This festival celebrates Buddha's first preaching of the four Noble Truths to his first five disciples. in a deer park at Sarnath. The first is the Noble Truth of suffering, the second is the truth of the origin of suffering Karma and Delusion and their causes, the third is the cessation of the suffering or the attainment of Nirvana and the fourth is the truth of the Eight Fold Path leading to Nirvana. This festival is held on the 4th day of the 6th month of the Buddhist calendar around August. At Gangtok, this festival is marked by prayers at the Deer park and at a secluded place called Muguthang in extreme North Sikkim, this festival is celebrated holding a Yak race.
Guru Rinpoche's Trungkar Tsechu
This birth anniversary of Guru Padmasambhava, also known as Guru Rinpoche, is celebrated in Sikkim with great pomp. A procession, which originates from the Chorten, carrying the statue of Guru is taken out around the town of Gangtok. In the evening dramas and concerts depicting the life of the Guru are held.
Pang Lhabsol
This festival is quite unique to Sikkim. It was popularised by the third Chogyal of Sikkim, Chakdor Namgyal. In this festival the snowy range of Kachendzonga is worshipped for its unifying powers. This festival marks the signing of the treaty of brotherhood between the Lepchas and bhutias by Khye Bumsa and Thikung-Tek when the local deities were invoked to witness the occasion. Infact Pang means witness. On this day, the guardian deity is portrayed by masked Lama dancers as a fiery red-faced deity with a crown of five skulls, riding a snow lion. To lighten the mood of the spectators, jesters called "Atchars" play antics during the Chaams. This festival is held on the 15th day of the 7th month around the end os August.
Lhabab Dhuechen
This festival symbolizes the Descent of Buddha from the heaven of the thirty Gods after visiting his mother. Duechen means "festival", Lha means "heaven" and Bab means "descent".
Losoong and the Chaams (Lama Dances)
Losoong marks the end of the harvest season and also the end of the tenth month of the Tibetan year. As it falls in the eleventh month of the Tibetan calendar it is not the real New Year in the sense of the word. Also known as Sonam Lossar, it is in fact an agriculture New Year when rice and grains are plentiful and the weather is moderate in sharp contrast to the actual new year lossar which falls in a lean season and when it is extremely cold.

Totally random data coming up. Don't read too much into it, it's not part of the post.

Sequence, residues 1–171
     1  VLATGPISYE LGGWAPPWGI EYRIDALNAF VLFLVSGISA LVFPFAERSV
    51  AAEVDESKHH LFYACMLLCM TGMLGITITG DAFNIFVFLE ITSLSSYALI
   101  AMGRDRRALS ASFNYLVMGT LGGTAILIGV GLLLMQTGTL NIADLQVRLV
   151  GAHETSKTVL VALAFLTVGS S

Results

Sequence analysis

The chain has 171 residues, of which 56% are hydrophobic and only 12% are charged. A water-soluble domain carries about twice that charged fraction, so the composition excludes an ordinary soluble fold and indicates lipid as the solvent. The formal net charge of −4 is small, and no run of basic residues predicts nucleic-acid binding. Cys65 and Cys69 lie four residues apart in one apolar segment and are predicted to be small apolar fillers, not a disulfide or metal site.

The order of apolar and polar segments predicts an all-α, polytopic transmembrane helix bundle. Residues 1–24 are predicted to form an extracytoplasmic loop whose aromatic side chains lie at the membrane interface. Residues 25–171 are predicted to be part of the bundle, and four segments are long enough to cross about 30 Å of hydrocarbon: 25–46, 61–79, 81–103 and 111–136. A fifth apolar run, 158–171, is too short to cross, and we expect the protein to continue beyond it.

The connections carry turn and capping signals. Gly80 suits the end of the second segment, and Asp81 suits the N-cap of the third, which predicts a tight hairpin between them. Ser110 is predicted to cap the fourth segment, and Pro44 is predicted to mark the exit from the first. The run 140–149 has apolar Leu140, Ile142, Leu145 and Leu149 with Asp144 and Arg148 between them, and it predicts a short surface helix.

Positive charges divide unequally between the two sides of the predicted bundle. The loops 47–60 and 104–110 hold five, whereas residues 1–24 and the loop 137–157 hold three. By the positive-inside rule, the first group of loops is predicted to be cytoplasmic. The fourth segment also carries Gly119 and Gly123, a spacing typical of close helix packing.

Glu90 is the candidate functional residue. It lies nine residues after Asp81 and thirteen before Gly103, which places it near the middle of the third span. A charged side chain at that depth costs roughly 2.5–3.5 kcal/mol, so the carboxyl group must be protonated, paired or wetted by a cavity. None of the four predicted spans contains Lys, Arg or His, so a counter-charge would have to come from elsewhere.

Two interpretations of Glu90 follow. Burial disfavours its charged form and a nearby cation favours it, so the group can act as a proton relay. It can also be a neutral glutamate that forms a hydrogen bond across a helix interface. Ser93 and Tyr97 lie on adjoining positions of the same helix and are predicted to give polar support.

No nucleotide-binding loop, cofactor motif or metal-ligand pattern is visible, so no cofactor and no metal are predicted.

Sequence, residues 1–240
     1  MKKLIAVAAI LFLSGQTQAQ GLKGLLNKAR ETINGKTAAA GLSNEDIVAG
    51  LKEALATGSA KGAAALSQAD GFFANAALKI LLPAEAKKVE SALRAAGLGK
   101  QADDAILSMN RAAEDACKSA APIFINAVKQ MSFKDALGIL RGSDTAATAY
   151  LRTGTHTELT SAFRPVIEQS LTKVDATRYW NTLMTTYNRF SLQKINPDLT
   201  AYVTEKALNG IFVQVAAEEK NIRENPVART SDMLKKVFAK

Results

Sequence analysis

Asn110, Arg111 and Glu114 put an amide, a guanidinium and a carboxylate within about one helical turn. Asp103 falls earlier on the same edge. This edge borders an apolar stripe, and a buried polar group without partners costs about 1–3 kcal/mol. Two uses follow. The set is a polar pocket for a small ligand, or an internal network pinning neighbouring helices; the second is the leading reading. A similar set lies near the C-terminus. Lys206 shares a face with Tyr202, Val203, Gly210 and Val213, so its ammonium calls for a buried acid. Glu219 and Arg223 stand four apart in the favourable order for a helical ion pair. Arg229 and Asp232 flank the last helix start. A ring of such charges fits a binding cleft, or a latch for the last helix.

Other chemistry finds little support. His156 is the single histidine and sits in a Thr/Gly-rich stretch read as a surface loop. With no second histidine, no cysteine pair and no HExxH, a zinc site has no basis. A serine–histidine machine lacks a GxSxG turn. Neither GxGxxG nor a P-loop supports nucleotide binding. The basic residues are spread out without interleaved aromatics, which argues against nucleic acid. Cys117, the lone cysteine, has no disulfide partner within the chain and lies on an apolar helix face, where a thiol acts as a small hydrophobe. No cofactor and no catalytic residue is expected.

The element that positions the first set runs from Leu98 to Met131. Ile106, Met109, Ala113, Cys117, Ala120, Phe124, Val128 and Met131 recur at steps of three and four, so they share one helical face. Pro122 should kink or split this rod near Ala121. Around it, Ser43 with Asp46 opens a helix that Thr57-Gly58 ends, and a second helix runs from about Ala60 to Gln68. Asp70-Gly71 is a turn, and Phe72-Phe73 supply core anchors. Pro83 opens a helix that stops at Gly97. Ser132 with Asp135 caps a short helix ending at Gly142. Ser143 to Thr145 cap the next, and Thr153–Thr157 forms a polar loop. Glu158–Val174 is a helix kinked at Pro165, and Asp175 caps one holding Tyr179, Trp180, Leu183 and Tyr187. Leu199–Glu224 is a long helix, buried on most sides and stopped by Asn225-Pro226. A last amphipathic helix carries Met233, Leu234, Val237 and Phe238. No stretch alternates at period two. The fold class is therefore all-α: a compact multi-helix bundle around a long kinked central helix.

It is the Tibetan New Year also known as Gyalpo Lossar, and is marked with lot of gaiety and festivity. It falls normally in the month of february. At Pemayangste, Chaams are held two days before the lossar. These Chaams are similar to the one held during Losoong.
This festival is held at the monastery at Tashiding in the month of January or February. During the festival, the pot containing the holy water is opened by the lamas of the monastery. The level of water in the pot foretells the future for the forthcoming year. If the water is to the brim, it prophesizes bloodshed and disturbances. If the pot is almost dry, it signifies famine and if it is half-full, it foretells a year in which peace and prosperity will prevail. Bum in fact means "pot or vase" and chu means "water". A part of the holy water is distributed amongst the gathering of devotees and the pot is replenished with river water and sealed at the end of the festival to be opened only in the next Bumchu.
The Kalchakra Puja
To attain Nirvana or Enlightenment and Freedom from suffering, one of the paths offered is Tantrayana which emphasizes the Tantric or mystic aspect of Buddhism involving complex and esoteric rituals. Anutara Yoga Tantra or the Supreme Tantra is one of the class of Tantrayana which combines male tantras and female tantras out of which Kalchakra is one of the deities. The rituals and meditations performed to Kalchakra with the ultimate aim of attaining Nirvana or Buddhahood is known as Kalchakra Puja. His Holiness The Dalai Lama is presently the ultimate authority i teachings of Kalchakra Puja which His Holiness performs to initiate the disciples. is Holiness holds the kalchakra Mass Initiation Puja usually once in three years.

Kalchakra deity is usually represented in union with his female consort Viswamata. The body of Kalchakra is blue in color and has multiple necks, shoulders and faces. The many hands of Kalchakra hold various implements. Viswamata, the consort of Kalchakra, has a yellow coloured body, four faces and eight hands.

Like in other Buddhist rituals, the Kalchakra Puja also centers around the Mandala which consists of the rites, offerings and the deities that concern the Puja.